As I am slowly discovering, Madrid has an inexhaustible wealth of day trips. I have already written posts for my four favorites—Toledo, El Escorial, Salamanca, and Segovia—and another four great trips: Ávila, Chinchón, Aranjuez, and Alcalá de Henares. Now I must add to this already long list: Manzanares el Real.
Manzanares el Real is a small town north of Madrid, situated at the foot of the Guadarrama mountains. The only way to get there on public transportation is by bus line 724, which you take from the Intercambiador at Plaza de Castilla.
On the advice of a classmate, GF and I decided to spend a Sunday morning of an otherwise lazy weekend on a trip there. It was a dreary February day, cloudy and drizzling. The bus ride was unremarkable, taking us through several of those nondescript Spanish villages that always manage to disorient me, since they look so similar that I cannot tell whether I’ve seen them before. I spent most of the ride reading, anyway. To be exact, I was reading Hemingway’s famous guide to bullfighting, Death in the Afternoon, which was appropriate, since our route took us past a bullring and a statue of a matador.
In forty minutes we arrived. Our first stop was the tourist office, where a very friendly women gave us a map and marked it up with sites to see. In retrospect, I am deeply impressed with her for being so enthusiastic; there are not very many things to do in Manzanares, but she squeezed every last drop out of the possibilities.
Our first stop—and, indeed, the only reason we made the trip in the first place—was the castle. Manzanares is home to one of the best preserved and most picturesque castles in Spain, the so-called “New Castle.” (It was built in the 15th century. We will meet the “old” castle later.)
The castle is surrounded by a wall, full of narrow slits for archers, that wraps closely around the perimeter. The castle itself has a square layout, with a small appendage in the back. Tall towers stand over each corner. Its symmetrical form, gray granite façade, and curving walls combine to form a surprisingly pretty building.
After some mucking about trying to find the ticket booth, we bought tickets and went in. To be frank, I am not sure I would recommend doing this. There was not very much on the inside of the castle. In the lower level were a few panels of information; and in upper floors, there were old bedrooms and living spaces with period furniture. But neither of these were memorable. The only thing worth seeing was the view from the top of the castle. You can walk all around the roof, going from tower to tower. On one side you can see the town, and the mountains beyond; on another side, the nearby reservoir.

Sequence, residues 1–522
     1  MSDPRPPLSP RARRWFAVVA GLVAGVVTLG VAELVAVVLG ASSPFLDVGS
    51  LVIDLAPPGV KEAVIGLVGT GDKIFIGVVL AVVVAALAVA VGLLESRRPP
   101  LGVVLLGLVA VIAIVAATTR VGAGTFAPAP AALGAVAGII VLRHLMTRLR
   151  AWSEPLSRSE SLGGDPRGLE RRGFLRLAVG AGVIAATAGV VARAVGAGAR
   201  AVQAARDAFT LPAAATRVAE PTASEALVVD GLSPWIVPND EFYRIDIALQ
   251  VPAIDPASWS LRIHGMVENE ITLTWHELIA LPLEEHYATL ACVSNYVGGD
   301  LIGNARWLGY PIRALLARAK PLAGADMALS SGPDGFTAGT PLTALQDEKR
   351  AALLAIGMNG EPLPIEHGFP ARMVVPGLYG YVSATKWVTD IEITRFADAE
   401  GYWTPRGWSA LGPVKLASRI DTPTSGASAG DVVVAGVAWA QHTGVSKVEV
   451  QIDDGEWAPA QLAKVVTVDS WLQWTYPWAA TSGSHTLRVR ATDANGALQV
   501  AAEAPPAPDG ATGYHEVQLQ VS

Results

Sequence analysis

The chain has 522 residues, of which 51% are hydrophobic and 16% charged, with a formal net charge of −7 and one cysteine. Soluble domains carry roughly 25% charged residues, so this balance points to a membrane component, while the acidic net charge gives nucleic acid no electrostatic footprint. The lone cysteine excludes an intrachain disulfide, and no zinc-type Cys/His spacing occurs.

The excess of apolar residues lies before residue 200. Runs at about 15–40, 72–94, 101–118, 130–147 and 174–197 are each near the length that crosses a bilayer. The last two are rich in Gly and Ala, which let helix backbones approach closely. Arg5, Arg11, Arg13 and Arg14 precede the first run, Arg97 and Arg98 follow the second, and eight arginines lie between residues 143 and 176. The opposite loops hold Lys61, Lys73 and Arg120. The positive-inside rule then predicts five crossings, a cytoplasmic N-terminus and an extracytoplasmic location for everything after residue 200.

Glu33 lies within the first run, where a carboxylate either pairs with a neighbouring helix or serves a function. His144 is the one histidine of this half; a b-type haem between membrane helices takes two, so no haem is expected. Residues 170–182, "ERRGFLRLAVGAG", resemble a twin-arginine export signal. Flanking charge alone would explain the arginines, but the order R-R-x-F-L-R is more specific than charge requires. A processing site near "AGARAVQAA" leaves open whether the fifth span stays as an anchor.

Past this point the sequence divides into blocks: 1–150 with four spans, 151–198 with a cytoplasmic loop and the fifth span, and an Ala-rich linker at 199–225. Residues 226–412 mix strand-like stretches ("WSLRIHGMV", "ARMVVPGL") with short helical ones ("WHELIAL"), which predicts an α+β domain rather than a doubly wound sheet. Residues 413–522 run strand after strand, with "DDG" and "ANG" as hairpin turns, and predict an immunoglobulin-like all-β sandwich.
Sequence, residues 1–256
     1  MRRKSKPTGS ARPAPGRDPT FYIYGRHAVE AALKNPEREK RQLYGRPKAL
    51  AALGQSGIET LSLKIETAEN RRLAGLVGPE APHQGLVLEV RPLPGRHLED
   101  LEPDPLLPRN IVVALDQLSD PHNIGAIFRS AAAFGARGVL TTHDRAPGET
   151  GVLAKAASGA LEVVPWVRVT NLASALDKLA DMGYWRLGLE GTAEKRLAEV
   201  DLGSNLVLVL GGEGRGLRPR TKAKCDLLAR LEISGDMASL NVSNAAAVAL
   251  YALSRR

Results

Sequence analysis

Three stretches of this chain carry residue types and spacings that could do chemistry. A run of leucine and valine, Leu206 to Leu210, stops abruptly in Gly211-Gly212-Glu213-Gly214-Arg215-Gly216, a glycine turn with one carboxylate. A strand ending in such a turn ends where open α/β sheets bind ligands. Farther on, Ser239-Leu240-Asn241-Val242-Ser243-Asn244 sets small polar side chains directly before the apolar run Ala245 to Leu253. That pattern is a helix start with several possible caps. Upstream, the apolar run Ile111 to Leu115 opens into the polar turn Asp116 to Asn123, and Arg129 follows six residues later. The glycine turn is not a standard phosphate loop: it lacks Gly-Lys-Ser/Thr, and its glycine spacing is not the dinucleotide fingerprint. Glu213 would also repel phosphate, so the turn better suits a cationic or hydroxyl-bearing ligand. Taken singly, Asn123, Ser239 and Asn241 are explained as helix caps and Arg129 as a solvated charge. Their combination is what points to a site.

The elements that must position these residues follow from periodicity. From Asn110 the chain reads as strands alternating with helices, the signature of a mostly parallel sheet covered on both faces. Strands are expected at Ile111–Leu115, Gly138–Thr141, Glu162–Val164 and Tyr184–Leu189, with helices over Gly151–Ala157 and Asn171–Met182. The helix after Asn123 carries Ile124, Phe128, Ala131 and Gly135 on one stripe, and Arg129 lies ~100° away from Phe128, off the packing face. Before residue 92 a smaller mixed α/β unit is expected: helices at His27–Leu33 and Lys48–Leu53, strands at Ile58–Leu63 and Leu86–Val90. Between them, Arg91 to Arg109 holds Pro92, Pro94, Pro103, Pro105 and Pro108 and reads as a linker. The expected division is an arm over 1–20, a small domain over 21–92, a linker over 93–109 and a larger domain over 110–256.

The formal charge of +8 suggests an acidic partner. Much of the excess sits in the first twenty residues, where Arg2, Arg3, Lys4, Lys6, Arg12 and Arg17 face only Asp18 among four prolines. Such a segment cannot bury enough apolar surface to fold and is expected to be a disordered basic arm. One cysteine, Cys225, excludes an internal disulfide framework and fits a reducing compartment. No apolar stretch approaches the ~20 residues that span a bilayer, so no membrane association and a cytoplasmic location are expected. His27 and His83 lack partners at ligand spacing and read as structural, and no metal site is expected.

We were outside again in less than an hour. Now what? We looked at the map the woman at the tourist office had given us. The only thing that caught my attention was the aforementioned “Old Castle.” This is about a ten minute walk from the New Castle, across the Manzanares River that runs through the town. It would be easy to miss if you weren’t looking for it. Hardly anything remains. At first glance it is just an empty, grassy field; the only indication that there used to be a castle here is a small granite wall, no more than five feet tall.
From there, we followed a road the woman recommended, which took us out of the town and towards the reservoir; the idea was to get away from the city, so we could get a good photo of it. On the way, we passed by the town cemetery. The gate was open, nobody was standing by, so we walked in.
I had been wanting to visit a cemetery since I came to Spain, and this was the first opportunity that presented itself. I was interested in cemeteries because, before coming here, I gave a tour of the Sleepy Hollow Cemetery to a family from Madrid. During the visit, they kept remarking how different American cemeteries are from Spanish ones.
They were right. While Americans cemeteries can look like parks, their Spanish counterparts are totally devoid of vegetation. Instead, the dead are interred in stone sarcophagi that sit on top of the ground, or they occupy a slot in a large stone wall. For me, the place had a much more somber feel than its American counterparts. There was nothing alive in there except us.
We left and kept going along the road. Soon we crossed a bridge that took us over the reservoir, turned around, and admired the view. It was still a drizzly, dreary day, but the grey rainclouds brought out a special charm to the landscape. On the banks of the reservoir, amid the pools of water, white cows were grazing. Beyond was the town, nestled at the foot of a craggy mountain, a mass of jagged grey slithered up into the mist.
These strange rock formations are known as La Pedriza, and compose one of the biggest granite ranges in Europe. Aside from their bizarre and beautiful shapes, they provide excellent rock climbing opportunities—not that I would know.
We took some pictures and then headed back into town to the bus station. The surrounding area actually looked like it had some nice hiking paths; but I hadn’t brought the shoes or the willingness to go on a hike. We went to the bus stop.
While we waited for the bus to arrive, I admired some of the storks who made their nest on a tree nearby. This was the first time I heard the strange clacking noise that storks make by rapidly beating their beaks together, as they arch their heads so far back that the tops of their skulls touch the backs of their long slender necks. (Storks don’t have vocal chords, so clacking their beaks is the only way they can “call.”) I thought the sound was coming from a motorcycle engine at first, the noise is so strange and harsh. Doesn’t it damage their beaks to snap them together so forcefully? Spain is full of mysteries.